We are watched by cameras installed from above, our screens are filled by product placements, our daily life is under surveillance. But how about surveillance from below? Can we look at streets, protests, archives, campuses, screens with a gaze ‘from below’? Altyazı Fasikül made a call and filmmakers, video-activists, artists responded. From Below series will stream a new video around these questions and issues every Thursday.
Turkish Directorate General of Security’s order on 27 April 2021, right before May 1st International Worker’s Day, to illegalize visual and audio recordings at protests created a heated debate. Documentarians, video-activists and journalists reacted to this order, saying “We are here and we are on record”. State council decided on a stay of execution on this order, which was followed by an appeal filed by Turkish Directorate of Security and Ministry of Internal Affairs. The extent of discussion on this issue is wide and it directly effects our daily life, political existence and labor processes of everyone who holds a camera, but especially of those who work on such fields.
Drawing courage and inspiration from voices against this order, we curated ‘From Below”, a series of 10 videos that contemplate the importance of recording, witnessing, creating a collective memory, intervening, chronicling, remembering, and reminding through audio-visual tools; and will do so by using these audio-visual tools themselves.
Audio-visual material recorded by civilians and ‘broadcasted’ via social media, such as in the cases of George Floyd and Rodney King, has triggered major social movements, exposing the violence committed by law enforcement officers to the world. Similarly, in the cases of Ali İsmail Korkmaz and Kemal Kurkut in Turkey, the images captured by passersby and even surveillance footage were as influential as the footage recorded by journalists in shaping public opinion.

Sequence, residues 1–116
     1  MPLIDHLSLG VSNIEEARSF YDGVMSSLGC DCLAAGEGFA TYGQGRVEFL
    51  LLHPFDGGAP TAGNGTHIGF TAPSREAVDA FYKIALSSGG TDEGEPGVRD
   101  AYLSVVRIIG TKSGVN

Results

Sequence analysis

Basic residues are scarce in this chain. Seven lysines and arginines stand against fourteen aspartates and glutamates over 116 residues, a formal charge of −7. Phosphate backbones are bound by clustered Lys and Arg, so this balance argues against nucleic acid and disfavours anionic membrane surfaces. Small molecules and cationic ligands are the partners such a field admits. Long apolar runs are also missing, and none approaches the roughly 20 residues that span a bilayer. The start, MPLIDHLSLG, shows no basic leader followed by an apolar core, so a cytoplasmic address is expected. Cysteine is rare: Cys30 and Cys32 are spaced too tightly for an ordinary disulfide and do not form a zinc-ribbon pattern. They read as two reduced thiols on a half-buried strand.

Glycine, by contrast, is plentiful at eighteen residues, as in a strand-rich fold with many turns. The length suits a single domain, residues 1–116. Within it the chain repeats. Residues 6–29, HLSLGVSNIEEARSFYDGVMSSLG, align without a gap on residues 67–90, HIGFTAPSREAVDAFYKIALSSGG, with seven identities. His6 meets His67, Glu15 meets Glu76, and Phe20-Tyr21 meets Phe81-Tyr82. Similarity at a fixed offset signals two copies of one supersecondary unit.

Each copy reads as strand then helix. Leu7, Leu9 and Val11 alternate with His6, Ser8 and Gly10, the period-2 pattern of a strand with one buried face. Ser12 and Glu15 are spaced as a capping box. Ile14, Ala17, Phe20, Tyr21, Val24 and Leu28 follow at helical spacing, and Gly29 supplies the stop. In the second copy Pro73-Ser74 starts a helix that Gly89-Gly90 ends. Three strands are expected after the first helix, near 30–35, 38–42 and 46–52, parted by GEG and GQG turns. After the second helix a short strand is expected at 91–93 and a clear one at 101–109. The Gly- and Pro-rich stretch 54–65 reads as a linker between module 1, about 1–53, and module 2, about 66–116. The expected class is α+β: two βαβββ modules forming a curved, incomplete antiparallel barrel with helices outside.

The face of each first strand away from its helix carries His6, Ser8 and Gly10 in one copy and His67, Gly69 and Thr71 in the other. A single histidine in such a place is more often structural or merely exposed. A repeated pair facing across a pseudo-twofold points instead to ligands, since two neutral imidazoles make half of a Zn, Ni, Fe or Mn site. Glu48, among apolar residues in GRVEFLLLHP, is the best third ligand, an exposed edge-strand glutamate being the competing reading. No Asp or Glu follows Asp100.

From Seattle to Tunisia, from Gezi to Columbia, civilian journalism and ‘surveillance from below’ play an important part not only in judicial processes, but also in creating collective memories and strategies for resistance. From feminist struggle to queer visibility, we can obverse the effects of personal recordings and using social media as a platform on a daily basis.
On the other hand, we live in times in which the concept of ‘personal data’ is constantly transformed via the state apparatus. Using a dense network of street surveillance and consumer data, ‘surveillance capitalism’ intensifies its ‘hegemonic gaze from above’.
As everybody holds a camera and the images keep piling up; what becomes more important is the distribution of these recordings and what they become in which hands, rather than the recordings themselves.
From Below is a video series where we would like to think about visibility and invisibility of what we call a “recording” within this complex frame of meanings. Our intention is to crate space for a variety of examples – both by content and form – that shine a light on politics of the image (and the mechanisms of domination they operate under, their spaces of freedom and limits to those spaces etc.).
The first video from Altyazı Fasikül: From Below series will be premiere at 24 March 2022 and we will continue to stream a new video every following Thursday. The stream premiers will start at 19:00 and will be followed by a live talk session with the video’s director at 19:30. The series, which will start with videos from names such as Aylin Kuryel, Alper Şen, Oktay İnce, Halil Yetiş, Fatma Çelik and Deniz Buga; will extend the conversation further than the theoretical context we mentioned above and touch upon issues like the Migros Struggle, hot war, media censorship from Turkey’s recent history and dilemmas of reel politics.
We sincerely hope to grow each others’ voices louder within this project, created by the use of visual and audial tools themselves, in a world where our spaces of expression continue to diminish.